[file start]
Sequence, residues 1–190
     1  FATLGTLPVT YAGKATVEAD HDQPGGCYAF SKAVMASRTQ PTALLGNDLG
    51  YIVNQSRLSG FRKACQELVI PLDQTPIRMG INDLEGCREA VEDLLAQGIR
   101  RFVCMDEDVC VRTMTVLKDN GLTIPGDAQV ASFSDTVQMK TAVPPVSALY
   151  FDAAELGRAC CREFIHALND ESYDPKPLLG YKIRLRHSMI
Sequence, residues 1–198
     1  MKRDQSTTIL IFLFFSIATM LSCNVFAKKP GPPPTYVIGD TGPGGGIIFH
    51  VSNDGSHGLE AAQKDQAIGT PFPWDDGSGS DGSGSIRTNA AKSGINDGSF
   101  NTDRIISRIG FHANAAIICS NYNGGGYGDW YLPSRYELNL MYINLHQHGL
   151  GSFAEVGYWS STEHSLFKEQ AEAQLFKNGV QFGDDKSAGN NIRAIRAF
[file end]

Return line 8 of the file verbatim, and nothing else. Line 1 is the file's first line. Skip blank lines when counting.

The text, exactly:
    51  VSNDGSHGLE AAQKDQAIGT PFPWDDGSGS DGSGSIRTNA AKSGINDGSF